1. Get ready for winter storms. Who would have thought that Howell would see more than a foot of snow fall in one day on the Saturday before Thanksgiving? Given the polar vortex of recent years, not many people were surprised—nor were they ready. Be sure to inspect snow shovels for wear and tear in case you need to buy new ones, along with a pet- and plant-safe ice melt or sand. Check your vehicles to make sure you have an ice scraper on hand, and store them where you can easily access them. Consider buying a roof rake which is used to gently remove snow from your roof and more importantly, to prevent ice damns. Depending on how frequently you can shovel, consider buying some reflective markers to flag the perimeter of your front yard, driveway and walkway to your front door.
2. Set up snow-removal. Last month, we discussed ensuring that all walkways are free of debris. If you plan to travel during the holidays, consider hiring a snow removal service to keep your driveway, the sidewalk and the main walkway leading to your front door shoveled. Not only will your neighbors appreciate your proactive snow-plowing, but it will also help to deter burglars who are even busier during the most wonderful time of the year. With everything shoveled on a consistent basis, they are more likely to assume you are home even though you are out of town.
3. Stop all drafts by sealing windows and doors. Each year, the typical family wastes approximately $350 on air leaks according to houselogic.com. To start saving money and stop wasting energy, seal drafts around your windows and doors. You may have already installed weather-stripping in the fall, however often times, cold air can still sneak in. When you feel a draft, find its source and block it with weather-stripping or a draft snake which will help minimize your energy bills and maximize your family’s comfort.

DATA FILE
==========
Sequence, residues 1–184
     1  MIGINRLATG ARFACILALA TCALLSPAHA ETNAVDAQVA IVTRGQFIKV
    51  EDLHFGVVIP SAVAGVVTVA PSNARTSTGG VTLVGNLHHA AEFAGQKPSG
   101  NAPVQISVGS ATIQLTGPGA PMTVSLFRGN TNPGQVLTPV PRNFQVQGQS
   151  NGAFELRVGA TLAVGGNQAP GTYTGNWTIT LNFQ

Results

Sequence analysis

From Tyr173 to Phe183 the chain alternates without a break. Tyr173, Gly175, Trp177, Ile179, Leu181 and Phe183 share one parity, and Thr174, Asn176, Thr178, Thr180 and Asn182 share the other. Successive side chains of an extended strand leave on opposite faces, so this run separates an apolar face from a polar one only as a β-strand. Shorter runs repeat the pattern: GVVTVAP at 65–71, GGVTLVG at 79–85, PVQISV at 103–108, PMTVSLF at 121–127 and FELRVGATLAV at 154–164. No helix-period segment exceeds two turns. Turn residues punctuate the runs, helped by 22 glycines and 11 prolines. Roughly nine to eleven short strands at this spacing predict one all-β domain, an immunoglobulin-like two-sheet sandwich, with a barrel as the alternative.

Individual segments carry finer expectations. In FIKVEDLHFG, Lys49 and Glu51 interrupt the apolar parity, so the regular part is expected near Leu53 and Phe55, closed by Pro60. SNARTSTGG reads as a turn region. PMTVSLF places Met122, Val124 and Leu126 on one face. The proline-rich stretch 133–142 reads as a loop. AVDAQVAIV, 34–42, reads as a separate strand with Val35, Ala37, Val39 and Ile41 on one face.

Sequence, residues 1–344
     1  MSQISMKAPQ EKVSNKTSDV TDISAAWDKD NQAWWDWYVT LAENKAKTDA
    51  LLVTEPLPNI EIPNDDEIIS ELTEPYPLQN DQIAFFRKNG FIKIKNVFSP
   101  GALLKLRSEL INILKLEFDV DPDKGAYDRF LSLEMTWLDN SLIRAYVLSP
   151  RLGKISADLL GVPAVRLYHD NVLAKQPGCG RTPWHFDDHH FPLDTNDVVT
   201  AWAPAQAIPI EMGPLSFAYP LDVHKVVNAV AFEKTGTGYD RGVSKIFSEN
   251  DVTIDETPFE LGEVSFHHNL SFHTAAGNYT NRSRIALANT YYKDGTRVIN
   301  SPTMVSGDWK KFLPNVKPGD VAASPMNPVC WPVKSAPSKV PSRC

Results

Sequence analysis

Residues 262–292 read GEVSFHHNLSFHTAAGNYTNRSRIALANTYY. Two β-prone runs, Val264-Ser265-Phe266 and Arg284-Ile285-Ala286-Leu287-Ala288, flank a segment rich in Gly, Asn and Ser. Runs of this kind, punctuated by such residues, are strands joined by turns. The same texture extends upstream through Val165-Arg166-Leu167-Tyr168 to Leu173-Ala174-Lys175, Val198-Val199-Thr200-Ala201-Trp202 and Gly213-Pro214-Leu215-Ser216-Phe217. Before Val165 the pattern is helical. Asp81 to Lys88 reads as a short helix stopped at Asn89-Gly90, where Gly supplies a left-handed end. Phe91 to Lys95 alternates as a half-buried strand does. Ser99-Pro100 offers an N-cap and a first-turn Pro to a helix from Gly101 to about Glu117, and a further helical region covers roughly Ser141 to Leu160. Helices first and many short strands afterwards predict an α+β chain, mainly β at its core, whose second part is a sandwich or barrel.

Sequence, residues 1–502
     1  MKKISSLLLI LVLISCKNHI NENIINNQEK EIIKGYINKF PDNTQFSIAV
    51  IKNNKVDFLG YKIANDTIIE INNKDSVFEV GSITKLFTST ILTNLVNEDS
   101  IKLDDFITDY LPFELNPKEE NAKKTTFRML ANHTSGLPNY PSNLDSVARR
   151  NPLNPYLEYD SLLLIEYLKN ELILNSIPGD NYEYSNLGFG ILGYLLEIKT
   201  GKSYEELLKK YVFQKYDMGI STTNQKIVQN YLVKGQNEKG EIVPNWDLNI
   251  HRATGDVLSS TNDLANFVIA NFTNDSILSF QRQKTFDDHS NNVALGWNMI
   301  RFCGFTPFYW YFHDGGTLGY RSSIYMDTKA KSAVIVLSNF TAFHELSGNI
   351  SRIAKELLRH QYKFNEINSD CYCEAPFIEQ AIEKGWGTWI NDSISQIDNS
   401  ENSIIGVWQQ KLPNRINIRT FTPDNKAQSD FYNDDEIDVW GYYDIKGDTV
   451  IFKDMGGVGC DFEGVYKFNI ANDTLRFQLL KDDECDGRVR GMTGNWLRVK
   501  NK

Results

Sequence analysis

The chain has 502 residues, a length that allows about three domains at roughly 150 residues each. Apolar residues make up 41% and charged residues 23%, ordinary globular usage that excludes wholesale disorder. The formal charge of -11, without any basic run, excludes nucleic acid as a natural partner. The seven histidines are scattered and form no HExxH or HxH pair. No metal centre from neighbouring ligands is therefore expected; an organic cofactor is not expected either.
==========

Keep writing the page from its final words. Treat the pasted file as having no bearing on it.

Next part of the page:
4. Check the chimney. If this is your first winter in your dream home, you can skip this task. If you used your wood-burning fireplace last year, however, be sure to have the chimney cleaned before its first use—even if you only used it a few times last winter. Simply said, even relatively clean wood-burning fireplace chimneys can catch fire. The Chimney Safety Institute of America (CSIA) recommends having a CSIA Certified Chimney Sweep expert inspect your solid fuel venting system annually, and clean and repair it as needed. Chimney fires are rather common so be sure to protect your dream home and schedule an appointment with a licensed chimney sweeper.
Article by: Jennifer Elkow
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